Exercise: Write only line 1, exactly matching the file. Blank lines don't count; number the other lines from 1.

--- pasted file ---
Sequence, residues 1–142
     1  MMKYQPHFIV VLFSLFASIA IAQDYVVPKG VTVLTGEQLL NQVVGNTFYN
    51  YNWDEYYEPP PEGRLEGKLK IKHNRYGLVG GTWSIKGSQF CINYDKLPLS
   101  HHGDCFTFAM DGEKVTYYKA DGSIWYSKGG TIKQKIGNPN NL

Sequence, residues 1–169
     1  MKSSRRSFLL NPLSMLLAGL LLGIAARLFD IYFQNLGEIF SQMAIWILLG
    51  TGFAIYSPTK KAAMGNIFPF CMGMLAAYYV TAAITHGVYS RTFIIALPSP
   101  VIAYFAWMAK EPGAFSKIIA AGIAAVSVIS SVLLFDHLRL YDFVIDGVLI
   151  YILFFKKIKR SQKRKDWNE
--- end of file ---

Sequence, residues 1–142